December 22, 2017 • Life for Leaders
Since the children have flesh and blood, he too shared in their humanity so that by his death he might break the power of him who holds the power of death—that is, the devil—and free those who all their lives were held in slavery by their fear of death. For surely it is not angels he helps, but Abraham’s descendants. For this reason he had to be made like them, fully human in every way, in order that he might become a merciful and faithful high priest in service to God, and that he might make atonement for the sins of the people. Because he himself suffered when he was tempted, he is able to help those who are being tempted.
A confession: I have a very hard time asking for help. People always make jokes about men in hardware stores and their inability to ask for assistance. I am undeniably the butt of these jokes. I am one of those men, for better and for worse. For better, because I can usually figure out what I need all by myself, and I learn a lot in the process. For worse, because sometimes I can’t do it on my own, so I either waste lots of time or make lots of mistakes or, usually, both.
A further confession: When it comes to the Christian life, I also have a hard time asking for help. I know how silly this sounds, given the fact that my whole life and my whole salvation depend on God’s grace in Christ. You’d think that I’d have learned by now to ask for help in matters of faith and faithful living. But, in fact, I have this crazy idea that before I ask the Lord for help with something, I need to try to fix it myself, or even try to fix myself.
It’s that way for me when it comes to temptation. When I’m tempted to sin, my first response is to try to defeat the temptation on my own (except, of course, in situations where I give in without resistance). I back away. I think of the terrible consequences that might come if I sin. I do whatever is in my power to do to beat back the temptation… except the one thing that I need the most.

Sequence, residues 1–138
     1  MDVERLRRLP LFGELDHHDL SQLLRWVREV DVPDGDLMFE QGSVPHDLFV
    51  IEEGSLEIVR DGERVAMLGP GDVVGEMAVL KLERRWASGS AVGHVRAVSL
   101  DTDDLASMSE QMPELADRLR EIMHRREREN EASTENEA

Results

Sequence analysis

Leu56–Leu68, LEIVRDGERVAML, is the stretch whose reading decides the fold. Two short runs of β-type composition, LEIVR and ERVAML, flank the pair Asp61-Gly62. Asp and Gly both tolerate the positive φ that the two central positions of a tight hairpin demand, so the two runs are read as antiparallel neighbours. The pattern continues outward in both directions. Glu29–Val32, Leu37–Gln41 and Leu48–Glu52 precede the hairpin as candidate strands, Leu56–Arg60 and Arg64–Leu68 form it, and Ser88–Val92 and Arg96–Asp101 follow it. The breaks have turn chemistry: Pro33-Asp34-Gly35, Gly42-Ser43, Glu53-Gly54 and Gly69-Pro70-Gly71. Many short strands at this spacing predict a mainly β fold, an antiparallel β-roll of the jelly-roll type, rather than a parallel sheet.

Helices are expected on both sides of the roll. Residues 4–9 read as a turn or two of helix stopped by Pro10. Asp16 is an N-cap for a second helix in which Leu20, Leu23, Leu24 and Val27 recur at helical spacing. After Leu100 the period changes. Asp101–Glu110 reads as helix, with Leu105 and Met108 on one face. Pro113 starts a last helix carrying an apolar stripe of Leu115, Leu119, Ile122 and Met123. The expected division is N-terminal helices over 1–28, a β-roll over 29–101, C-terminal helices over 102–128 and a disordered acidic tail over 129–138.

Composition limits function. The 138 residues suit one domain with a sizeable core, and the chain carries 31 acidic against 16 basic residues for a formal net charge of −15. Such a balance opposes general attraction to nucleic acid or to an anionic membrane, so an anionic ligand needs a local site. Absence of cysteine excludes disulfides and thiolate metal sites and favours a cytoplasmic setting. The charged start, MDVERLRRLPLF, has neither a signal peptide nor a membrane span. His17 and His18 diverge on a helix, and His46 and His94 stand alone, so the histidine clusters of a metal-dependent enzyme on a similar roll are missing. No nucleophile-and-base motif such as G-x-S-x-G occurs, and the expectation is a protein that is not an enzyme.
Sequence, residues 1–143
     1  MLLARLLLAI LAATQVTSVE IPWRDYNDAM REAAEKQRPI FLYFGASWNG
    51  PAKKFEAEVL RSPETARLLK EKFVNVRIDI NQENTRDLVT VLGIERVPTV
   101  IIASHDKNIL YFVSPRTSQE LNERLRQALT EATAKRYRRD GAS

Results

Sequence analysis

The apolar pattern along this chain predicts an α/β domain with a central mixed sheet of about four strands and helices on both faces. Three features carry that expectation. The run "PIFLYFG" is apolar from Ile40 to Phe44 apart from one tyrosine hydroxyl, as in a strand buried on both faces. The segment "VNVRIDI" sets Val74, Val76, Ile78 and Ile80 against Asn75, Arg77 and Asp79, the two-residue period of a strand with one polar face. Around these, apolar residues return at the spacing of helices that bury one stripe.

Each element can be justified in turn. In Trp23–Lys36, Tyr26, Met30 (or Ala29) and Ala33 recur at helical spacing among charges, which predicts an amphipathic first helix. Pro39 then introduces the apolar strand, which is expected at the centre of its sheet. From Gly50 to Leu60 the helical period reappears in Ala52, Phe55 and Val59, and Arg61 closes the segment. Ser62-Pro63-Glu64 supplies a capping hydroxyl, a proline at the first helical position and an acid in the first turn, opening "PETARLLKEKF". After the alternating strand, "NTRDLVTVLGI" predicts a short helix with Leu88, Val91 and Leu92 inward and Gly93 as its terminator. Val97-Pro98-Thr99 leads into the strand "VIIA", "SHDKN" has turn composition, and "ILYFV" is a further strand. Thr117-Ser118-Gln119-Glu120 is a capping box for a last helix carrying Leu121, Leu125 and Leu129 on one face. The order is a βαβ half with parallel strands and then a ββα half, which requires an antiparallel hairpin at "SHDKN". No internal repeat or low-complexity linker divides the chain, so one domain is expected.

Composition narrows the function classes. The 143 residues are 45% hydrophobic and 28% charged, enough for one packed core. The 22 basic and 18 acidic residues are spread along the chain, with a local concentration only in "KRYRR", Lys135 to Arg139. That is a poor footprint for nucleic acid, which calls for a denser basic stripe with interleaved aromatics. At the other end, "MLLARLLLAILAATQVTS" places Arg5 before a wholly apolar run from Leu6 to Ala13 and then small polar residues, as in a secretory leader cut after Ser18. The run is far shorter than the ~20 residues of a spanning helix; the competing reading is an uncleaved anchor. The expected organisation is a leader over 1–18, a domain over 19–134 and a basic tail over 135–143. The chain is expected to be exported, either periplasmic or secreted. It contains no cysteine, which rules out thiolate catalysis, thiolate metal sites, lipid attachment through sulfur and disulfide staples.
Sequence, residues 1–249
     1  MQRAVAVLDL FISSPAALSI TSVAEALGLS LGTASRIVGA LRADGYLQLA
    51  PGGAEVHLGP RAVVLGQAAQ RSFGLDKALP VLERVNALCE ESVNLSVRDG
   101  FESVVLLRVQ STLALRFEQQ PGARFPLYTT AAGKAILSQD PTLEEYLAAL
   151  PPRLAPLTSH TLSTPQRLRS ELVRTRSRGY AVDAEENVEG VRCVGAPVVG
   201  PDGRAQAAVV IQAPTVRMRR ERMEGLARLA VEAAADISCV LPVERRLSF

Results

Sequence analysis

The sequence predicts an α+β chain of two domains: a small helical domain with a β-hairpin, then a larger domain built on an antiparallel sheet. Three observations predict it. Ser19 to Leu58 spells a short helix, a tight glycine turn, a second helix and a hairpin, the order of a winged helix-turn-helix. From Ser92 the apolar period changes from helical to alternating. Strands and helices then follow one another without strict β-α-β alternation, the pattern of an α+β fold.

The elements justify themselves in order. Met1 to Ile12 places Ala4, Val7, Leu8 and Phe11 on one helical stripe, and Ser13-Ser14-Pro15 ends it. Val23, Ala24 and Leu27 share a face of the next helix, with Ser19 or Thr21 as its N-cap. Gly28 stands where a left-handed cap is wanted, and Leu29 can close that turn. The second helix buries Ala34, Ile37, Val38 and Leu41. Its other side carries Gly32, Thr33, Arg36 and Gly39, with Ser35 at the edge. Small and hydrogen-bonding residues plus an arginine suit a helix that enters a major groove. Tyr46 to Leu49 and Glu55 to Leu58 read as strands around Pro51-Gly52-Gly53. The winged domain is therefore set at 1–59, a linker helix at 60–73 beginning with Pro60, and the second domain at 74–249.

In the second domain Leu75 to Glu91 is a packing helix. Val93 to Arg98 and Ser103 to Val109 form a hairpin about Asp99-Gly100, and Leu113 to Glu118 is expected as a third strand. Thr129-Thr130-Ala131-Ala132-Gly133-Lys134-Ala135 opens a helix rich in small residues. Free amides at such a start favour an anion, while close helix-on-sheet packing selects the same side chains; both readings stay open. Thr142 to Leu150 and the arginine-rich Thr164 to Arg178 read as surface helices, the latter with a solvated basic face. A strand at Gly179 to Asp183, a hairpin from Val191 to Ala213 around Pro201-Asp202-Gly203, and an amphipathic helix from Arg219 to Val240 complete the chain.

What is that? I need help. I need help from Jesus.
Hebrews 2:18 promises that his help is available. After revealing that Jesus was fully human so that he might save us, verse 18 adds, “Because he himself suffered when he was tempted, he is able to help those who are being tempted.” There it is. Jesus “is able to help those who are being tempted.” Jesus is able to help me… and you too.
Moreover, verse 18 notes that Jesus also “suffered when he was tempted.” This is really quite extraordinary. The very Son of God, the one who was fully God and fully human, experienced genuine suffering when he was tempted. This may be an allusion to what Jesus experienced in the Garden of Gethsemane. But, whether this is true or not, the good news is that when we’re tempted, Jesus understands and is able and willing to help us.
At Christmas, we focus on the wonder of the birth of Jesus. I don’t think I’ve ever heard a Christmas sermon on dealing with temptation. But, from the perspective of Hebrews 2, one of the life-changing implications of Christmas—the celebration of the incarnation of God in human flesh—is that Jesus will help us when we’re tempted. This is such good news.
So, the next time you feel temptation, don’t be like me in a hardware store. Rather, turn to Jesus. He understands. And he will help you. Thanks be to God!
QUESTIONS TO CONSIDER:
Do you have a hard time asking for help? If so, in what situations and why? If not, why not?
When you are tempted, what do you do?
Can you think of times when Jesus has helped you resist temptation?
Are you being tempted to sin right now? If so, are you willing to ask Jesus for help?
Gracious God, how we thank you for the truth of Christmas, for the fact that, in Jesus, you came to us and were born among us.
Thank you, Lord Jesus, for understanding what it’s like to be tempted. And thank you for helping us when we are tempted. Teach us, Lord, to reach out to you. Help us to be open to your help.
All praise be to you, Lord Jesus, for all the ways you help us! Amen.
Explore more at the Theology of Work Project online commentary:
Don’t Let Us Yield to Temptation
Dr. Mark D. Roberts is a Senior Strategist for Fuller’s Max De Pree Center for Leadership, where he focuses on the spiritual development and thriving of leaders. He is the principal writer of the daily devotional, Life for Leaders, and the founder of the De Pree Center’s Flourishing in the Third Third of Life Initiative. Previously, Mark was the Executive Director of the De Pree Center, the lead pastor of a church in Southern California, and the Senior Director of Laity Lodge in Texas. He has written eight books, dozens of articles, and over 2,500 devotions that help people discover the difference God makes in their daily life and leadership. With a Ph.D. in New Testament from Harvard, Mark teaches at Fuller Seminary, most recently in his D.Min. cohort on “Faith, Work, Economics, and Vocation.” Mark is married to Linda, a marriage and family counselor, spiritual director, and executive coach. Their two grown children are educators on the high school and college level.